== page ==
Retreating blade stall
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Retreating blade stall is a hazardous flight condition in helicopters and other rotary wing aircraft, where the retreating rotor blade has a lower relative blade speed, combined with an increased angle of attack, causing a stall and loss of lift. Retreating blade stall is the primary limiting factor of a helicopter's never exceed speed, VNE.
Advancing vs. retreating bladesEdit
|retreating blade side||advancing blade side|
A rotor blade that is moving in the same direction as the aircraft is called the advancing blade and the blade moving in the opposite direction is called the retreating blade.
Balancing lift across the rotor disc is important to a helicopter's stability. The amount of lift generated by an airfoil is proportional to the square of its airspeed. In a zero airspeed hover the rotor blades, regardless of their position in rotation, have equal airspeeds and therefore equal lift. In forward flight the advancing blade has a higher airspeed than the retreating blade, creating unequal lift across the rotor disc.
A fuller treatment is provided in dissymmetry of lift.
Most helicopter designs compensate for this by incorporating a certain degree of vertical "flap" movement of the rotor blades. When flapping, a rotor blade will travel upward during its advance, creating a lesser angle of attack (AOA) and therefore lesser lift. When the blade retreats, the blade falls downward again, increasing the AOA and therefore generating greater lift.
There are three general designs. The earliest, and by far, least common design today, is the fully rigid rotor system; the blades are rigidly fixed to the rotor hub but made of a flexible material that allows some degree of flap.
Semi-rigid rotor systems have a horizontal hinge at the base of the blades that allow flap as they rotate. By necessity they always have an even number of blades, as each opposing pair is mechanically connected to prevent vibration.
Fully articulated rotor systems use a combination of flapping and a horizontal motion that moves the retreating blades forward slightly and moves them back again on the advancing side, thus creating more relative airflow and lift on the retreating side at the expense of the advancing side.
In all cases, the pilot may compensate the induced roll with left or right cyclic control input (as determined by the rotation of the rotor) up to a degree. However, the rapid rate of change of blade flex and angle of attack causes uncontrolled longitudinal twist and severe vibration in later stages, resulting in total loss of cyclic control if left unchecked.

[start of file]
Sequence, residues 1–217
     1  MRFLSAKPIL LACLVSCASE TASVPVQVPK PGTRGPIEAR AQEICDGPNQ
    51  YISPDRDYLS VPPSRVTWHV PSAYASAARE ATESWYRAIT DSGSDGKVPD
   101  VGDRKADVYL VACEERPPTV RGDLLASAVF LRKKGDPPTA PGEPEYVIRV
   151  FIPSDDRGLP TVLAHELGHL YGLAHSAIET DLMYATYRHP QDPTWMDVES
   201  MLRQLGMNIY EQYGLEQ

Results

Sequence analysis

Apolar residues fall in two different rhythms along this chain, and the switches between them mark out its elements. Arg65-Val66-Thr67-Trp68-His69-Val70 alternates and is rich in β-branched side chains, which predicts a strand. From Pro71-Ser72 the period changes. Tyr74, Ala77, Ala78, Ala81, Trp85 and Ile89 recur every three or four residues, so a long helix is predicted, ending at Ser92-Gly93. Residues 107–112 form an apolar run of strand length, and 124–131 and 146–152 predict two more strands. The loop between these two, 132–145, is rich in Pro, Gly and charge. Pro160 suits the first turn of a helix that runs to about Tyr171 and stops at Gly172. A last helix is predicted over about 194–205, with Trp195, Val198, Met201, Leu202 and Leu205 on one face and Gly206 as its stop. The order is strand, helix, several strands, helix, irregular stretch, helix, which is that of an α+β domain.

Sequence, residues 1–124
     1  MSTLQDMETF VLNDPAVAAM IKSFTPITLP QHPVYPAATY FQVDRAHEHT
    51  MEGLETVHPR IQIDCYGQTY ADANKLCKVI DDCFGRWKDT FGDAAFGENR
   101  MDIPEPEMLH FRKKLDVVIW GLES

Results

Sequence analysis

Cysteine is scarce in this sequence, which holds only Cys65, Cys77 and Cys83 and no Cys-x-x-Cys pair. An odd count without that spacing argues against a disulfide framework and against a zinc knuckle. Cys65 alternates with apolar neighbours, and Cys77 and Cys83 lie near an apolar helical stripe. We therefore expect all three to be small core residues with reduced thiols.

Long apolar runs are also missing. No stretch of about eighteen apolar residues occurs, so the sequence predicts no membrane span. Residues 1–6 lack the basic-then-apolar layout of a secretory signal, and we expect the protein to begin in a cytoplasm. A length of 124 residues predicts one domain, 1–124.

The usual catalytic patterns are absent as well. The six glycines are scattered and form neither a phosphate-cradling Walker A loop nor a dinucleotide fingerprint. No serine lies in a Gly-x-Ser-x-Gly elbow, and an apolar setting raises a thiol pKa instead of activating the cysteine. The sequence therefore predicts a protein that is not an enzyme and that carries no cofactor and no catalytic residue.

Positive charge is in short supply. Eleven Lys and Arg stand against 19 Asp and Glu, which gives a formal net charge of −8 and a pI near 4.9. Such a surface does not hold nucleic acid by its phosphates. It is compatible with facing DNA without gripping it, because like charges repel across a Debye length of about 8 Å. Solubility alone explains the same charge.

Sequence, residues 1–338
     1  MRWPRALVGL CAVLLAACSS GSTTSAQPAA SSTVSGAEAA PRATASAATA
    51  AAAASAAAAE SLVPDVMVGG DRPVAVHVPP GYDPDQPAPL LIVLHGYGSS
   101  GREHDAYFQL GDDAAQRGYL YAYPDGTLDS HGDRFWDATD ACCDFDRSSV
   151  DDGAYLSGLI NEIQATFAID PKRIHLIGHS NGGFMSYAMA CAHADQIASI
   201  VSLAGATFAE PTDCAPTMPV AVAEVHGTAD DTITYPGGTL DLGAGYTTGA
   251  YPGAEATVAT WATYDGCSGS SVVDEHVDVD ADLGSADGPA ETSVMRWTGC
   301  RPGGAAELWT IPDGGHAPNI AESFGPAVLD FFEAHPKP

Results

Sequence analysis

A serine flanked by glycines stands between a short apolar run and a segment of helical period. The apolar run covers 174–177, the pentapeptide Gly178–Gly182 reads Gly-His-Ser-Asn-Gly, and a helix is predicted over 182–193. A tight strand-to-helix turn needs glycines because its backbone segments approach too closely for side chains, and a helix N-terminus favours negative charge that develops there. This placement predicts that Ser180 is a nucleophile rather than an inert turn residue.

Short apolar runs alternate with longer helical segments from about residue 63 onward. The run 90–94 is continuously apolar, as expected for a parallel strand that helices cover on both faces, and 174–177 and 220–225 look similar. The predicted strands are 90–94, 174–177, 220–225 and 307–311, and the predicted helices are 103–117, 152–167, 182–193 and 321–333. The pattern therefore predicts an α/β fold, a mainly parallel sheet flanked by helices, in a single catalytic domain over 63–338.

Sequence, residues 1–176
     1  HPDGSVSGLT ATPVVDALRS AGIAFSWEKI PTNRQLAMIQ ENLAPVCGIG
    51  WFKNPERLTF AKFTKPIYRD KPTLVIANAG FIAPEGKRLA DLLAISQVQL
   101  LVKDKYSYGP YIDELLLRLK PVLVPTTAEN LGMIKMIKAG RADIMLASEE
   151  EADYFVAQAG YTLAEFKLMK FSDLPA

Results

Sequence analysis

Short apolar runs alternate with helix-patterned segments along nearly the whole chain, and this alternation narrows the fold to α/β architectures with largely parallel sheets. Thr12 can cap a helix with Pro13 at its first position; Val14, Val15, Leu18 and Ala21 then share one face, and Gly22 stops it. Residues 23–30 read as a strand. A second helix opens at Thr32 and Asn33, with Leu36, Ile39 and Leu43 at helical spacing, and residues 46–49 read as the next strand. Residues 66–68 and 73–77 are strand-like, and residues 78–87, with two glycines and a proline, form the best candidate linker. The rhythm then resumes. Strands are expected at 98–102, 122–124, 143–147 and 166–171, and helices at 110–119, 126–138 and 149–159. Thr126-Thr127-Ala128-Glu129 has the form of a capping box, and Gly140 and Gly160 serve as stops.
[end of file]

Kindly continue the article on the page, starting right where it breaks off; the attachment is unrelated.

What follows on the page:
Assuming no rotor damage, recovery from the condition is possible by using the procedure described below under Flight performance during a retreating blade stall.
|Helicopter Blade Stall, NASA Langley|
These compensations can only do so much. Increasing angle of attack to compensate for reduced blade airspeed has the effect of maintaining lift only until the point where critical angle of attack is reached, after this point lift sharply decreases.
All airfoils have a critical angle of attack (also called a stall angle of attack) which is the angle of attack that produces most lift. Above this angle flow over the airfoil becomes detached and lift decreases, this is commonly called a stall.
When a fixed-wing aircraft exceeds its critical angle of attack the entire aircraft loses lift and enters a condition called a stall. The usual results of a fixed-wing stall are a sharp drop in aircraft altitude and a dive. Stalls in fixed-wing aircraft are virtually always a recoverable event.
In a retreating-blade stall, however, only the retreating half of the helicopter's rotor disc experiences a stall. The advancing blade continues to generate lift, but the retreating blade enters a stall condition, usually resulting in an uncommanded increase in pitch of the nose and a roll in the direction of the retreating side of the rotor disc. In counter-clockwise rotating rotor systems (as in most American-made types) this is the left side. In clockwise rotating systems it is a roll to the right.
Flight performance during a retreating blade stallEdit
As the aircraft approaches retreating blade stall conditions, it will shudder and the nose will begin to pitch up. The resultant upward pitching of the nose will naturally begin to correct the situation as it results in slowing the aircraft. If forced to continue the acceleration via flight controls (forward cyclic + collective), it may roll to the side of the retreating blade. Recovery involves lowering the collective pitch, relieving forward pressure on the cyclic or more commonly, both. Either of these control movements should restore the proper attached airflow over the retreating blade thus generating lift again. This is normally an automatically corrected condition if one just 'lets go' of the controls.
Causes of retreating blade stallEdit
Retreating blade stall is more likely to occur in a helicopter when the following conditions exist either alone or in combination:
- Helicopter Flying Handbook, FAA-H-8083-21A (PDF). U.S. Dept. of Transportation, FAA, Flight Standards Service. 2012. pp. 11-8–11-12, 11-17–11-20.